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Parshat Noach – Boys and Girls Together: Or Not?

Excerpted from Rabbi Shmuel Goldin’sUnlocking The Torah Text: An In-Depth Journey Into The Weekly Parsha- Bereishit,  co-published by OU Press and Gefen Publishers 

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A series of slight textual variations appear in the flow of the Noach story.

The Torah describes the entry of Noach’s family into the ark by stating, “Noach and his sons and his wife and his sons’ wives entered the ark, because of the waters of the flood.”

When God commands Noach to exit the ark after the flood has ended He states, “Go out from the ark: you and your wife and your sons and your sons’ wives with you.”

Finally, when Noach actually leaves the ark, the text reads as follows: “And Noach went out and his sons and his wife, and his sons’ wives with him.”


Why is the Torah inconsistent in its description of the order of entry into and exit from the ark? Why is it that when Noach enters the ark, husbands and wives are listed separately; when God commands the departure from the ark, husbands and wives are listed together; and, finally, when the actual departure from the ark takes place, husbands and wives are again listed separately?



These seemingly unimportant variations serve as a reminder that, when it comes to the Torah, nothing should be taken for granted. Each subtle nuance of the text carries significant lessons and ideas which are too easily missed in a less than careful reading.


Commenting on the separation of the men and women as Noach’s family enters the ark, Rashi immediately states, “The men separately, and the women separately: marital relations were prohibited during a time when the world was engulfed in sorrow and tragedy.”

It would have been totally inappropriate, the Torah hints, for Noach and his family to carry on life as normal, complete with the pleasures of intimate relations, at a time when destruction literally rained down upon the world. In spite of the inevitability of the flood, and in spite of the unimaginable evil that caused it, Noach and his family members are forbidden to ignore the pain and suffering outside the ark. The Torah indeed often indicates (as it does here through nuance) that it is immoral for man to live in a vacuum. We are forbidden to ignore the pain and suffering of others.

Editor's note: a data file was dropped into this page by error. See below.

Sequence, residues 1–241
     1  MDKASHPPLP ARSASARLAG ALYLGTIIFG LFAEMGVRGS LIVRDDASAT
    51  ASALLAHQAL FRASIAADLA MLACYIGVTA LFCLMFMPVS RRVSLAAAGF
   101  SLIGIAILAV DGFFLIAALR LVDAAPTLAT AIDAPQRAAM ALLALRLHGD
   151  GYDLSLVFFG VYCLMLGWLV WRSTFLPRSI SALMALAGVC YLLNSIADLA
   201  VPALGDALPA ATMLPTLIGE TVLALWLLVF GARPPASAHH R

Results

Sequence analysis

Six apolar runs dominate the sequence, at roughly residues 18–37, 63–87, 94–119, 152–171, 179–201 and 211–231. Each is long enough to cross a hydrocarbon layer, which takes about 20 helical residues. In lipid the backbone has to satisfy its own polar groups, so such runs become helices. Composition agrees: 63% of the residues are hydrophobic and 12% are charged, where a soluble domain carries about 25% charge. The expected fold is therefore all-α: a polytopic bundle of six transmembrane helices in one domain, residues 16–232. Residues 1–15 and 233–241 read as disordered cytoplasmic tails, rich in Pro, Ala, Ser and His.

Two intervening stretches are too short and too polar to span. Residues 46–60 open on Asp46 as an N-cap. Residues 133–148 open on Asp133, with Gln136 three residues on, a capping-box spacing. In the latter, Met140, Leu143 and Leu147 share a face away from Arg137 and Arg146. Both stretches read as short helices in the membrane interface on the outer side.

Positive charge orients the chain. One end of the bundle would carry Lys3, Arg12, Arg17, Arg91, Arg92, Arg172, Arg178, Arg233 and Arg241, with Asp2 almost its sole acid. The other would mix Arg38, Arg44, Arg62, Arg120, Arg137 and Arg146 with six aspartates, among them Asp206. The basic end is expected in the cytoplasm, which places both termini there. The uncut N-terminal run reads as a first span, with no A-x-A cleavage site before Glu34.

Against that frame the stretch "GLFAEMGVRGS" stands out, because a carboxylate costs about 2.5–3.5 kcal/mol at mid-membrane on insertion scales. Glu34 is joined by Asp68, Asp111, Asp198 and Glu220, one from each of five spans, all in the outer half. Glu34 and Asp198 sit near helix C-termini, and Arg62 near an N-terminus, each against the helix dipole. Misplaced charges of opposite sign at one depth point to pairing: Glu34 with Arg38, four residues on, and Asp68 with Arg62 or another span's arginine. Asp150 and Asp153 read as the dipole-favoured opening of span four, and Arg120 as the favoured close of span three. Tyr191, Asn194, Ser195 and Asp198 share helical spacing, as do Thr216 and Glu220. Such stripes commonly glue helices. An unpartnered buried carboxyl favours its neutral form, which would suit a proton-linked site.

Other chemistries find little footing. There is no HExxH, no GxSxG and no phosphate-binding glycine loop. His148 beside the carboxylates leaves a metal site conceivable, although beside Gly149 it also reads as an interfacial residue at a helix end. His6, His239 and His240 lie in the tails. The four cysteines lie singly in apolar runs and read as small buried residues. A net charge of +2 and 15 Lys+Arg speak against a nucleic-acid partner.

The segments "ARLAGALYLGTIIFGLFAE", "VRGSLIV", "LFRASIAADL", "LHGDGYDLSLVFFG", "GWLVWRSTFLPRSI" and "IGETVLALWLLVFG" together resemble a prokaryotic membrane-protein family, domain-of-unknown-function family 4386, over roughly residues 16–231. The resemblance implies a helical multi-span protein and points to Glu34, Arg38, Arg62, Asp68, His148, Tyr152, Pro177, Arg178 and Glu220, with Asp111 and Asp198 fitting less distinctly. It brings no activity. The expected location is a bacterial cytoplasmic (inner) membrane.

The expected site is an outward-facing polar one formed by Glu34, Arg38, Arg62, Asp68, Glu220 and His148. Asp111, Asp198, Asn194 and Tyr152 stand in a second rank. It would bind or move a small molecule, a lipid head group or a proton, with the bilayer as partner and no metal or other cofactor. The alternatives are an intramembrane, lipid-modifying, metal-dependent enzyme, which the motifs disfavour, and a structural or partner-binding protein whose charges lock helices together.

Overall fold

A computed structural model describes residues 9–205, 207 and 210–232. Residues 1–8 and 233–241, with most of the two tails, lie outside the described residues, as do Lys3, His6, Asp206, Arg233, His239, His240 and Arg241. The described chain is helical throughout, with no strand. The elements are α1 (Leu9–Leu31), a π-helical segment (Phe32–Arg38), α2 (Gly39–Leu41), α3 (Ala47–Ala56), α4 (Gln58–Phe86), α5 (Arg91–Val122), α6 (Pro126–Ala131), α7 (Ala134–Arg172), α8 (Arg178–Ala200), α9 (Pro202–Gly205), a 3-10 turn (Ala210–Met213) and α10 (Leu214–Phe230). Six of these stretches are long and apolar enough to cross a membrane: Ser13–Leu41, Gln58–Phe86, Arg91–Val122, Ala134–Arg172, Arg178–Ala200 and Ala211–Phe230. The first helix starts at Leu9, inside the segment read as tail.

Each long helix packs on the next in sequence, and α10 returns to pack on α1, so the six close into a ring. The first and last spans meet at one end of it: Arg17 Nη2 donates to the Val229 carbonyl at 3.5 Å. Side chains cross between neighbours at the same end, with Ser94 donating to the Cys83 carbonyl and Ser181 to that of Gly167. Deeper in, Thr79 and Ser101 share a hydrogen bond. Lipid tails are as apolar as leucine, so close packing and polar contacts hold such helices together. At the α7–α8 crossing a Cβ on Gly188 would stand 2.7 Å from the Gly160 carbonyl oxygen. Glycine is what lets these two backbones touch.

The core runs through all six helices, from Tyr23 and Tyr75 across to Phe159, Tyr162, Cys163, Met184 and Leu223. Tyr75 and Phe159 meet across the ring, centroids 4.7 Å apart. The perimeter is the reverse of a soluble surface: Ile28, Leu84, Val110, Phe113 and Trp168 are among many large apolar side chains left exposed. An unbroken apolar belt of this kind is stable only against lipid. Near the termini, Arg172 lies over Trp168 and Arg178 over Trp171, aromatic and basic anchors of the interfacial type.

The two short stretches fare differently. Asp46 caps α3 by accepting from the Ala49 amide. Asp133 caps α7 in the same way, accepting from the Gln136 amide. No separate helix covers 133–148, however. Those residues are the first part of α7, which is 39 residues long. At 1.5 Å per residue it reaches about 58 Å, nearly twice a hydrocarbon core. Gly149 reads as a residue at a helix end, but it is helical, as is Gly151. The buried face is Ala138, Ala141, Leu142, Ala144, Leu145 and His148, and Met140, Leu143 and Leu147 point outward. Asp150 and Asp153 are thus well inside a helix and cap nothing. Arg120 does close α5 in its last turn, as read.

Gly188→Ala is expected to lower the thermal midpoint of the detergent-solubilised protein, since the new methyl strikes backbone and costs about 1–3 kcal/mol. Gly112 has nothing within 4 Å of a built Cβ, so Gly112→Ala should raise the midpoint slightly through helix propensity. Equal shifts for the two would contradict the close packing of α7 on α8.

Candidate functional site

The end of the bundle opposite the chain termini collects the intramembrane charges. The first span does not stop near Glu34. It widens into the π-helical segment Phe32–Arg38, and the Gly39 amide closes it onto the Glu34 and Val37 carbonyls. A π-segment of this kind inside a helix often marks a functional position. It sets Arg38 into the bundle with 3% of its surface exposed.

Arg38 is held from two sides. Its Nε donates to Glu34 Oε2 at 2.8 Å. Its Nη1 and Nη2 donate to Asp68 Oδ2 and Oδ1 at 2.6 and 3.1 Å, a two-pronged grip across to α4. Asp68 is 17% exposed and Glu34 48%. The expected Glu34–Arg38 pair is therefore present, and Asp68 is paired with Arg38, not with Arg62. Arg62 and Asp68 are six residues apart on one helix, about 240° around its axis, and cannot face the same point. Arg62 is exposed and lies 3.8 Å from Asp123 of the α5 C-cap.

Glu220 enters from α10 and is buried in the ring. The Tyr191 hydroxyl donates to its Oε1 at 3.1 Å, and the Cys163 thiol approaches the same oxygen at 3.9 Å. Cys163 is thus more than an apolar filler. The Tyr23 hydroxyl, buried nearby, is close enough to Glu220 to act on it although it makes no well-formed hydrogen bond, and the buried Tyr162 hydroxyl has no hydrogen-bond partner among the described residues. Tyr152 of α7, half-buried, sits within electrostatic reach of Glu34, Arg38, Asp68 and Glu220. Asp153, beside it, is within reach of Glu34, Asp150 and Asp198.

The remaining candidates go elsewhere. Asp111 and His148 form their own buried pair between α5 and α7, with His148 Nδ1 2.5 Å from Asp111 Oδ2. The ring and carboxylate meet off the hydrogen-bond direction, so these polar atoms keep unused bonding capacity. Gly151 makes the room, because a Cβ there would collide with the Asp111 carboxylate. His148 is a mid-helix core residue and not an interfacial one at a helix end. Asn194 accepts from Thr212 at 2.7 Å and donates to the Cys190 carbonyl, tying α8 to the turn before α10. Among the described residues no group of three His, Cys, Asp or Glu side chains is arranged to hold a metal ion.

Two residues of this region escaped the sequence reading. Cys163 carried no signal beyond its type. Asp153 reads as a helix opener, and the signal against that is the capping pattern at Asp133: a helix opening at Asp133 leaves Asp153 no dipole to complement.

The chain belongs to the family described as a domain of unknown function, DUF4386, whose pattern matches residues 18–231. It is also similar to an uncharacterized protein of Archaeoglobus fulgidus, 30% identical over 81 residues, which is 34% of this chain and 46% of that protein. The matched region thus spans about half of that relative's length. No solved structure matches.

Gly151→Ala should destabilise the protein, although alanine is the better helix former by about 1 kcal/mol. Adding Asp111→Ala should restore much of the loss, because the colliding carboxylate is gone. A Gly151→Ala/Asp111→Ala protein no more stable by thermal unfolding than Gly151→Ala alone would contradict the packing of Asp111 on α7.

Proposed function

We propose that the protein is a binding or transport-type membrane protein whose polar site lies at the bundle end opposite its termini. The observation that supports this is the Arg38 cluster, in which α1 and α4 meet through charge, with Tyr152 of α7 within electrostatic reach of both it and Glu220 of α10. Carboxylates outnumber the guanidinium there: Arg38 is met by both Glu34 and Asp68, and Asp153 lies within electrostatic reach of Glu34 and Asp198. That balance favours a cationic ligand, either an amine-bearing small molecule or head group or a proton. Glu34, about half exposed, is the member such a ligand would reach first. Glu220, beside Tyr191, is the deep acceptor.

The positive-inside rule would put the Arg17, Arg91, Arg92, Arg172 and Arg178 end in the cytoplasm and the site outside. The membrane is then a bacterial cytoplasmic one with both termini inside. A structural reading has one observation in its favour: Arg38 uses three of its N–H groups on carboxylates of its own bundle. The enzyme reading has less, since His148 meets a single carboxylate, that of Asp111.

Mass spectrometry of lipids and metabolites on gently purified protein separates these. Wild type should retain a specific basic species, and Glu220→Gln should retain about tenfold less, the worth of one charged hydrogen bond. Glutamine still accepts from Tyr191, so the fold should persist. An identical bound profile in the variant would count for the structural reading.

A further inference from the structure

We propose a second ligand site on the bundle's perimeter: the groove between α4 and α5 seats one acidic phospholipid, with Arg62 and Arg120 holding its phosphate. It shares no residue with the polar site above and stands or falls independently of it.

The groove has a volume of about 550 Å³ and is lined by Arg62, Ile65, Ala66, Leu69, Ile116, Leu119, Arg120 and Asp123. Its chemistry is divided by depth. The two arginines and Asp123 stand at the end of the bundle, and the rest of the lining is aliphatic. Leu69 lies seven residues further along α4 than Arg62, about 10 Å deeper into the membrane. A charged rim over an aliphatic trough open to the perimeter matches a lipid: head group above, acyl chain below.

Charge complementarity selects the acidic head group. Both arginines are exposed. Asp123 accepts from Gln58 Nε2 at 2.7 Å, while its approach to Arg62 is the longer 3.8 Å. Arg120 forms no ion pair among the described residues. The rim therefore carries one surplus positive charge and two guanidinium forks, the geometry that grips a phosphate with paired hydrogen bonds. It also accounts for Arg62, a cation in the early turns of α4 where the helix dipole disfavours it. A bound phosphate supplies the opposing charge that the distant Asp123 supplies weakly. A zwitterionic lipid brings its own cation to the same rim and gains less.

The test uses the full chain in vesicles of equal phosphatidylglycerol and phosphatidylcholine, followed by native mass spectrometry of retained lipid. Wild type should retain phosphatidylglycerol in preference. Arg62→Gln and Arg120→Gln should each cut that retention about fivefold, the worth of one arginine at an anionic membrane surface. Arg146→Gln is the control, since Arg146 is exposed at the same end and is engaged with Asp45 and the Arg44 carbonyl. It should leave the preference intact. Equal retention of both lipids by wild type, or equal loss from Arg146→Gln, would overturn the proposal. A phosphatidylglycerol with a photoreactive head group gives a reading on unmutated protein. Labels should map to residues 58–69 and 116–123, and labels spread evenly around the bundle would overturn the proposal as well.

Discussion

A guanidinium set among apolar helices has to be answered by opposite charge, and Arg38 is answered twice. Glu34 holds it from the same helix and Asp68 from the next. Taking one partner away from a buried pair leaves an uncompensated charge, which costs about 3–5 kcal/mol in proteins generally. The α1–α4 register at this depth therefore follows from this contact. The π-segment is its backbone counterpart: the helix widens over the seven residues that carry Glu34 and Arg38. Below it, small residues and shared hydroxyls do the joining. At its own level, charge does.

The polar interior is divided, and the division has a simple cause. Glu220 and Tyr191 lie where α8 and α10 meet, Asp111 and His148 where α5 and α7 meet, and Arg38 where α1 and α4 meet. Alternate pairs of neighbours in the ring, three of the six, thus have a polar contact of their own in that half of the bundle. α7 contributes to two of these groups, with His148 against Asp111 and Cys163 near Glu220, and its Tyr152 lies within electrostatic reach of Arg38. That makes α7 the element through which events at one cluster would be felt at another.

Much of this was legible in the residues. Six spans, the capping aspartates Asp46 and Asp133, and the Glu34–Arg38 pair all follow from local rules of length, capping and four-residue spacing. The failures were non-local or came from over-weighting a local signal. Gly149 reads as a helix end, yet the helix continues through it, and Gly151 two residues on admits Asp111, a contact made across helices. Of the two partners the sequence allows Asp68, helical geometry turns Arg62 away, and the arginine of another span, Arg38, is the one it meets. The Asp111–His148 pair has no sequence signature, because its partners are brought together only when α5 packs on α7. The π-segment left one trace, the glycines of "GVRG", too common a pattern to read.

We can now also understand why God switches the familial order when He instructs Noach’s family to exit the ark at the end of the flood: “You and your wife, and your sons and their wives,” God commands Noach, “men and women together.” The flood is over. Rebuilding civilization and repopulating the world have become the order of the day. The resumption of family relations is not only a right, God states, but an obligation.


At this point, however, the logical pattern seems to break down.

The Torah indicates that as Noach’s family departs the ark, men and women remain separate, in apparent defiance of God’s wishes. Why is this gender separation consciously maintained by Noach’s family even now that the flood has ended?

This apparent problem actually provides a key to the final phases of Noach’s story. We must, however, read the story in human terms.

Imagine the scene of total devastation that greets the members of Noach’s family as they begin to exit the ark. How deep their despair must have been and how overwhelming their sense of aloneness. In the face of such tragedy and destruction how can one possibly trust in the future? How can one even contemplate the thought of rebuilding, of beginning again?